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New kid on the box – ITV’s new children’s channel CiTV

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ITV is taking on children’s heavyweights CBBC, Disney and Nickelodeon with its own channel and has vowed to emerge from the playground scrap victorious, reports Liz Thomas

On March 11, ITV launches its new children’s channel into the already crowded and incredibly competitive kids’ television sector but executives at Network Centre are confident that they are on to a winner.

Targeting young people aged ten and under, the new station is the first dedicated commercial channel for children on digital service Freeview and will broadcast from 6am to 6pm. Despite the fact that there are already more than 20 channels serving the nation’s children, ITV has proclaimed that it fully expects to be the most watched commercial service in UK households within a year and a half, seeing off competition from the likes of Discovery Kids, Disney and Nickelodeon.

Steven Andrew, programme director for ITV digital channels, said he was sure it would outperform the market by late 2007.

He said: “Within 18 months we will be number one.”

That is fighting talk but no doubt spirits will have been buoyed by the fact that sales of Freeview services are flying high and the fact that more than two-thirds of homes in the UK now have access to digital television and a significant proportion of those households have more than one set-top box.

Director of television Simon Shaps conceded it would be difficult but said he was confident that the programming would speak for itself. He explained: “There have never been more children’s channels around. We think that the way forward is to put significant investment into fewer shows and by doing a few brands better.”

The new station will include blocks of programming aimed at pre-schoolers and at kids aged four to nine and those involved are extolling it as a return to the halcyon days of Rainbow, Fraggle Rock, Mr Benn and The Moomins.

In a mild swipe at big-hitting rivals CBBC and CBeebies, which currently dominate the market, channel editor Estelle Hughes said: “We’ve done the research and we think that with most families having kids close in age it is odd to suddenly separate viewing preferences. We are not going to tell a six-year-old who grew up loving a show that suddenly it is too babyish for them.”

Instead the network has targeted programming to suit family schedules in term time and alternative line-ups for school holidays. Strong performing shows such as My Parents are Aliens, Art Attack and Grizzly Tales for Gruesome Kids will be flagged up and Hughes has pledged that the focus will be on indigenous commissions and not acquisitions.

“We spend significantly more on original production than our commercial competitors. When we launch, around 60% of our shows will be made by UK producers. We did a lot of research before we undertook this and it showed that parents don’t want just wall to wall cartoons, they want predominantly British content,” said Hughes.

She concedes that many of its most popular shows have been running for seven or eight series now and says, particularly on the drama front, that it is time to find a new big hitter. Hughes added that the cost of the genre was sometimes an impediment to risk taking but said there were new dramas in the pipeline such as Live and Let Spy, which has been billed as Spy Kids meets The Incredibles, and Uncle Dad, which follows an eccentric scientist who is forced to look after his six nieces and nephews when they are dumped on his doorstep.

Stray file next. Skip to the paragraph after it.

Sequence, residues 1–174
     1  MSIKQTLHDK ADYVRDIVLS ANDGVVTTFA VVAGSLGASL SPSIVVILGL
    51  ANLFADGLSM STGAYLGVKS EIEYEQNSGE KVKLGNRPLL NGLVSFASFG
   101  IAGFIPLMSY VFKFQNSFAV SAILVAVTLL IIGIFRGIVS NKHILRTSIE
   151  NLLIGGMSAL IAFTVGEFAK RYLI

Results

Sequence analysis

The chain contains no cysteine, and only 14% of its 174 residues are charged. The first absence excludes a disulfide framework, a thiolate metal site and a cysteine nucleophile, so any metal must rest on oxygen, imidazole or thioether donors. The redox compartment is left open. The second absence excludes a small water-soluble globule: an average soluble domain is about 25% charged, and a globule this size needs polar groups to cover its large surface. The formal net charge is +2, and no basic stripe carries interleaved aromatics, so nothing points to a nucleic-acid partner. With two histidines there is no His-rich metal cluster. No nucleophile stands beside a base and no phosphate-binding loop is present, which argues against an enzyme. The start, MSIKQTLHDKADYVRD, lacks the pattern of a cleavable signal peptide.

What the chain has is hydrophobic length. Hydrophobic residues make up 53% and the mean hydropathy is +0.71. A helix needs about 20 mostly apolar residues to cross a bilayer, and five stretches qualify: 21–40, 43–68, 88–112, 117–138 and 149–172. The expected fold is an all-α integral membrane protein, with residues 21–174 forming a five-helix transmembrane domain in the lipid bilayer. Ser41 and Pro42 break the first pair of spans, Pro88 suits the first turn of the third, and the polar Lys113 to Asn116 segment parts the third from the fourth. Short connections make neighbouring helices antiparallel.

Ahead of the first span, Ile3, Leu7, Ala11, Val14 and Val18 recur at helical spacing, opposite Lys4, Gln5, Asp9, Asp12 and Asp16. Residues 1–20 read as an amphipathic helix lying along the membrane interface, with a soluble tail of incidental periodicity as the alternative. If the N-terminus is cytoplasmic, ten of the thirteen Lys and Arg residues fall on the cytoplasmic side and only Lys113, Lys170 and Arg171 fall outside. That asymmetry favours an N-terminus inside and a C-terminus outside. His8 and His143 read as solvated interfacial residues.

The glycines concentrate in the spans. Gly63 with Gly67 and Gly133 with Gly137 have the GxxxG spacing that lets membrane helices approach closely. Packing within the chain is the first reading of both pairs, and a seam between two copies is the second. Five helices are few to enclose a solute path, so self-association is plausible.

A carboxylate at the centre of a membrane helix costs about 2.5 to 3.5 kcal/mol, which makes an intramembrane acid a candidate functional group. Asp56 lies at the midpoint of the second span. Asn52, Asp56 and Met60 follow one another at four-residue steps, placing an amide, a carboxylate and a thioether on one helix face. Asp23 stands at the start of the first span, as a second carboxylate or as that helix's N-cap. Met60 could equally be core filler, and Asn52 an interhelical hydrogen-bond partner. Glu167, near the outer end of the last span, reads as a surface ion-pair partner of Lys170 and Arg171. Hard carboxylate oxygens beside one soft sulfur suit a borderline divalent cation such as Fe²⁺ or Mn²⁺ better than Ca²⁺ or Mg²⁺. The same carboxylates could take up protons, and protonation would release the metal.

There are of course new cartoon strands – kids’ TV wouldn’t be the same without them – and the CITV channel will offer US imports from across the pond, including a revamped animation of Teenage Mutant Ninja Turtles and Bratz. The network is still tied to its terrestrial quota for children’s TV of around eight hours a week, which is set by media watchdog Ofcom but it says having a whole channel allows it try different things and broaden its scope. It will also allow it to cater for different demographics, so for example when ITV1 is broadcasting a show aimed at young girls the digital offshoot can offer something that will appeal to boys, ensuring that as a whole the network is not losing viewers to commercial rivals.

Of course competitors are not taking the move lying down. With an annual budget of £98 million – around three times that of CITV – the BBC is pulling out the big guns. The Corporation has unveiled a host of new shows, including some long-awaited new dramas, and is ploughing money into its interactive learning services. Meanwhile earlier this year The Stage revealed how Five was channelling investment into its Milkshake! strand, not only with more original programming but also by developing show brands in a joint venture with Butlins and DC Entertainment to launch a 19-week stage show this summer.

Ancillary rights for UK originated programming, such as merchandising or international distribution, can net millions in additional revenue and the lure of this cash injection will, of course, have played an important part in ITV’s decision to stick with children’s programming.

Nonetheless it is a far cry from the doom and gloom forecasts for commercial kids’ TV that were around little more than a year ago following the tightening of advertising regulations and Ofcom’s decision to cut broadcasting public service programming obligations.

It might have taken a little while and a lot of research but it seems that the sector is enjoying something of a comeback.

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